At this time of year when pancakes are likely to be on the menu and chocolate eggs are everywhere in the shops, it is heart-breaking to know that one in eight of British adults worry about being able to afford sufficient food.

What has come to be called ‘food poverty’ is a growing issue and is one that has seen charities such as the Together Network – run by the Church Urban Fund (CUF) – look to help address this by working with churches across the country.

Some examples of great food initiatives I’ve come across are a ‘community fridge’ scheme in Southwark, where communities can access food that would otherwise go to waste. There’s also the national ‘Make Lunch’ programmes and breakfast clubs that offer free meals for children who can’t access the free school meals during holidays. Plus the growing number of food banks with supplies on offer to local communities.

Despite the growth of these provisions, many still go hungry. The problem isn’t a lack of ideas or willingness to help – it is often the funding of these projects that prevents them helping more people in need and that is why we turned to pancakes.


How can pancakes help make a difference?

Several years ago, CUF launched an initiative called the ‘Big Pancake Party’ which is an easy way for people to raise funds to support the fight against food poverty. The premise is simple: provide pancakes (cook if you can, buy in some ready-made if you can’t) and invite people in the local community to eat the pancakes. Everyone who comes is encouraged to make a small donation and the money goes to help feed those who would otherwise struggle.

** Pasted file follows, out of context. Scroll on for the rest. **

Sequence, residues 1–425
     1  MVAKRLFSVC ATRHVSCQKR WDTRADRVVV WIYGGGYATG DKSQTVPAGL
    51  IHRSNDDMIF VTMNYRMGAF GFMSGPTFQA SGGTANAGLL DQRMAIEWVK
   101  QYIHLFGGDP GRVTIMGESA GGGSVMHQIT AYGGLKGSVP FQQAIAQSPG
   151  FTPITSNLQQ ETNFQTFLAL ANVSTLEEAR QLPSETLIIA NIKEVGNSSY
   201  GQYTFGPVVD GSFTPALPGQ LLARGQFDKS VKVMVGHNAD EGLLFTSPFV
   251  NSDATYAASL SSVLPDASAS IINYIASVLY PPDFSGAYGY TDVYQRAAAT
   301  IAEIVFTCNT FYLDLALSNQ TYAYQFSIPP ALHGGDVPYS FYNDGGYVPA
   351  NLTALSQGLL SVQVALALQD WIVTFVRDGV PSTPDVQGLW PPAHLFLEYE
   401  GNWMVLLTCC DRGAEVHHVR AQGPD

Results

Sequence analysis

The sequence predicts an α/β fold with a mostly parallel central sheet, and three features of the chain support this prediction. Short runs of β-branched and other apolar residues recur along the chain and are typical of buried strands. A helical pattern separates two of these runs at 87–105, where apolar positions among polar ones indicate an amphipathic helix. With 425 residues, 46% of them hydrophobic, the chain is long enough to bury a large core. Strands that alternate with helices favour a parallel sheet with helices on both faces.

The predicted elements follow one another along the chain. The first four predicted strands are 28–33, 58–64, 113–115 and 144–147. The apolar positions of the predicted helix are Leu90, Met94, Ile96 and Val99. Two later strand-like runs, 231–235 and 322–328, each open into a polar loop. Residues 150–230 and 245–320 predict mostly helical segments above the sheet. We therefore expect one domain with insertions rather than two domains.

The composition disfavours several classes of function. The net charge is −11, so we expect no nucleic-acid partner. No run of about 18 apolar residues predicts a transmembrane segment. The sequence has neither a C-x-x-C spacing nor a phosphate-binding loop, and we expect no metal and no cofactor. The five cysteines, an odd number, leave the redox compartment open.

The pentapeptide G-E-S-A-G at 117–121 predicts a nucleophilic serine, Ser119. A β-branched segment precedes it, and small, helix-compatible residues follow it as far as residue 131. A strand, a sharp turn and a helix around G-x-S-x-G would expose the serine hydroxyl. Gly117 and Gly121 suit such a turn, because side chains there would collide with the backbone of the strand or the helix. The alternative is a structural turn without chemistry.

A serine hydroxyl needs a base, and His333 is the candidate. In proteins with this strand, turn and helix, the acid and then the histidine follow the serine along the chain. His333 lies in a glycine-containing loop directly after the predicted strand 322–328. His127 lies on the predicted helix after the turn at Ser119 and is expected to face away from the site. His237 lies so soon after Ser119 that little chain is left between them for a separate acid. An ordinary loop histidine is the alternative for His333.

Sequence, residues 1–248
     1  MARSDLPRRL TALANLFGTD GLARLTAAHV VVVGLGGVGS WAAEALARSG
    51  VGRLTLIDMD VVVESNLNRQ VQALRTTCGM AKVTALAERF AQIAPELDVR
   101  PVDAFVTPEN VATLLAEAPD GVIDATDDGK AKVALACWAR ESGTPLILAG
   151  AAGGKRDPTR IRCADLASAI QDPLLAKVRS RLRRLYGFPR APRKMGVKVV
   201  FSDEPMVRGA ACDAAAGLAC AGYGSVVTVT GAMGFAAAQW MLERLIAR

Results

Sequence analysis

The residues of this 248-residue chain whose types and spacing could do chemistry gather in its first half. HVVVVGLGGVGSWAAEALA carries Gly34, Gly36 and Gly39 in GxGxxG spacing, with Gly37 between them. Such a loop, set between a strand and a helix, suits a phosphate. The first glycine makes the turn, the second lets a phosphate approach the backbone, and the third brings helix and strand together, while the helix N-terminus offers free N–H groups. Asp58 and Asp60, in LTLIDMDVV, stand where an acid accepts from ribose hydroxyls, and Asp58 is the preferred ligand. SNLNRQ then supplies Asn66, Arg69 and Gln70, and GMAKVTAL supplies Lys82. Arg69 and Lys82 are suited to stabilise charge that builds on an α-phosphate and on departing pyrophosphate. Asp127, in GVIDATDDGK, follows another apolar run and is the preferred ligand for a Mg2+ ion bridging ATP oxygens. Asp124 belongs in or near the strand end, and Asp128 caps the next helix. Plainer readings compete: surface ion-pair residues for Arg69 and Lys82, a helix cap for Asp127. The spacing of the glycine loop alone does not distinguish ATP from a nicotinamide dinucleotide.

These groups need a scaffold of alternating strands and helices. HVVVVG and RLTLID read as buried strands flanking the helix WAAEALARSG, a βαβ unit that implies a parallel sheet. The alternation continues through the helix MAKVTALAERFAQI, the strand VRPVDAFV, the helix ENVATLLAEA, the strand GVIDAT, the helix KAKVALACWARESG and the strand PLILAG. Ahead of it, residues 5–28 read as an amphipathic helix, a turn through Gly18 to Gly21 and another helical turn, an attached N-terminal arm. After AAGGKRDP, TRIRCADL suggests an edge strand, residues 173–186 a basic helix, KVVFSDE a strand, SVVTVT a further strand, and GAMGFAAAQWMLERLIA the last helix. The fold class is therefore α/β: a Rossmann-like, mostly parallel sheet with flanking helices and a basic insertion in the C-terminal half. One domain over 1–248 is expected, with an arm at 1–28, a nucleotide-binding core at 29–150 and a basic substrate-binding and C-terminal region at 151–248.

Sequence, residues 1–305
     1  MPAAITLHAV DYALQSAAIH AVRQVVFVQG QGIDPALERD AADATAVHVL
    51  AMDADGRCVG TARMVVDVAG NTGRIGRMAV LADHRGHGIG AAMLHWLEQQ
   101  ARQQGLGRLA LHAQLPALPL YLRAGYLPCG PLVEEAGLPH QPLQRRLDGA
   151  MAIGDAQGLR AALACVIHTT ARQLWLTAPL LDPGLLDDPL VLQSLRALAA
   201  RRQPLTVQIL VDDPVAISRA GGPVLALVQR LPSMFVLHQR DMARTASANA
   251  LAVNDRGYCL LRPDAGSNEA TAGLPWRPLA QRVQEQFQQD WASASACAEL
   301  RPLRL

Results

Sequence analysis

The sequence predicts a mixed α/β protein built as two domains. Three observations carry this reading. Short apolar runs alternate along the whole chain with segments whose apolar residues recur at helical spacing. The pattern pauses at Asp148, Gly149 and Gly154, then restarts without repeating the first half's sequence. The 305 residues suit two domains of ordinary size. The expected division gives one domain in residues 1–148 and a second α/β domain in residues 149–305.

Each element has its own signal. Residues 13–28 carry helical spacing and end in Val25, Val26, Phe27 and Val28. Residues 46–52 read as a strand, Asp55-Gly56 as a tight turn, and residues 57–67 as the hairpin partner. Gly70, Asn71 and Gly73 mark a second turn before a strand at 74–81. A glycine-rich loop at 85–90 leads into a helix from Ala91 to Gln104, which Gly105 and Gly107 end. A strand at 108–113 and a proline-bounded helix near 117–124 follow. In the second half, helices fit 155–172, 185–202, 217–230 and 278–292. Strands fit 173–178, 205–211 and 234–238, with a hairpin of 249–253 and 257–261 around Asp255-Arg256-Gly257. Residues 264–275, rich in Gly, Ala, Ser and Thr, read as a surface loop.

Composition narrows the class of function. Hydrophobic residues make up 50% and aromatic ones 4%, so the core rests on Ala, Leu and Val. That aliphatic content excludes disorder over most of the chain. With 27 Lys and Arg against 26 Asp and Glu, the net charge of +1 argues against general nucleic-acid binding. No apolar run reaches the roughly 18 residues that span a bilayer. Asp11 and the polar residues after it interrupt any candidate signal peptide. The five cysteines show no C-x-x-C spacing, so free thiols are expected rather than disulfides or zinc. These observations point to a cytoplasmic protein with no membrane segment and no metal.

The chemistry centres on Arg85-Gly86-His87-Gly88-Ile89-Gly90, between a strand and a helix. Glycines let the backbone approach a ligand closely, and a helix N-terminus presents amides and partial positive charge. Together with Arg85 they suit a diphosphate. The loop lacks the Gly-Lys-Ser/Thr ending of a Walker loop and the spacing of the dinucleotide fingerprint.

This year, as Shrove Tuesday approaches it would be easy for your youth or children’s group, church or organisation to get involved. You just need access to a kitchen. We’ve put together a fun-filled resource pack to help you organise a Big Pancake Party, with essentials like promo posters, invitation templates, games ideas and recipes. Have a look at:

If you get involved this year, you’ll be in good company as Great British Bake-Off finalist Kim-Joy recently added her support to the campaign saying: “I've joined the Big Pancake Party because I don't want to just take for granted that I have food every day - I want to help other people who don't have that. It's so sad to think that there are people who are hungry, that's a basic need. I think the Together Network does some amazing work - it's not just about giving people a package of food, they empower people.”


The Big Pancake Parties arranged by CUF have so far helped hundreds of people access food and support nationwide. It really is a great way for groups of all shapes and sizes to make a difference. We as Christians have a remit to help feed the poor – as Jesus said: “For I was hungry, and you gave me something to eat” (Matthew 25:35). I’m not sure he was talking about pancakes but it’s possible!

Matt Adcock

is head of communications at the Church Urban Fund. He is involved in local church youth work, contributes to the Concrete think tank on ‘young people & masculinity’ and is a trustee of the youth support charity, Phase.